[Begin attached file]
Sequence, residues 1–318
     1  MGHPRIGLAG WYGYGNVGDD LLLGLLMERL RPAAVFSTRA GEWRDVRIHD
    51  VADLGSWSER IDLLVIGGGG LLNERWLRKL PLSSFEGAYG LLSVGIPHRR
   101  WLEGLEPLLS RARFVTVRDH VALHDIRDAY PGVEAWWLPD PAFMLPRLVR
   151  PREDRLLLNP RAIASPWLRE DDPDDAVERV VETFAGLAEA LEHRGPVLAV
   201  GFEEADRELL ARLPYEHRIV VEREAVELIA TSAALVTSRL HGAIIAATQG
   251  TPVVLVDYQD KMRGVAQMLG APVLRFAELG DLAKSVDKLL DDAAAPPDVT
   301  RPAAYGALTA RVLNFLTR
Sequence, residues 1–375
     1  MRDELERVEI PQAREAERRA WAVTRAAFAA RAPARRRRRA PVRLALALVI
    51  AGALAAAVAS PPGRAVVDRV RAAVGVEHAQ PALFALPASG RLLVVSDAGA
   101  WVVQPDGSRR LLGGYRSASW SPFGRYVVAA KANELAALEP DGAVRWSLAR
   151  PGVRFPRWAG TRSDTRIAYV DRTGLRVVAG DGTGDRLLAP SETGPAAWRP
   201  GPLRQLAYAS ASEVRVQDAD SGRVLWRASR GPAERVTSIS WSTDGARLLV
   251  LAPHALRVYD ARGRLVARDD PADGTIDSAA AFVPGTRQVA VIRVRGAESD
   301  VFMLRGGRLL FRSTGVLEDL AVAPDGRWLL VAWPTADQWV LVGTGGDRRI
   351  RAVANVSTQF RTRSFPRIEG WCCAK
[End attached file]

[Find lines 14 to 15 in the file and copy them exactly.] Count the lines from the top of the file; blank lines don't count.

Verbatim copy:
   201  GPLRQLAYAS ASEVRVQDAD SGRVLWRASR GPAERVTSIS WSTDGARLLV
   251  LAPHALRVYD ARGRLVARDD PADGTIDSAA AFVPGTRQVA VIRVRGAESD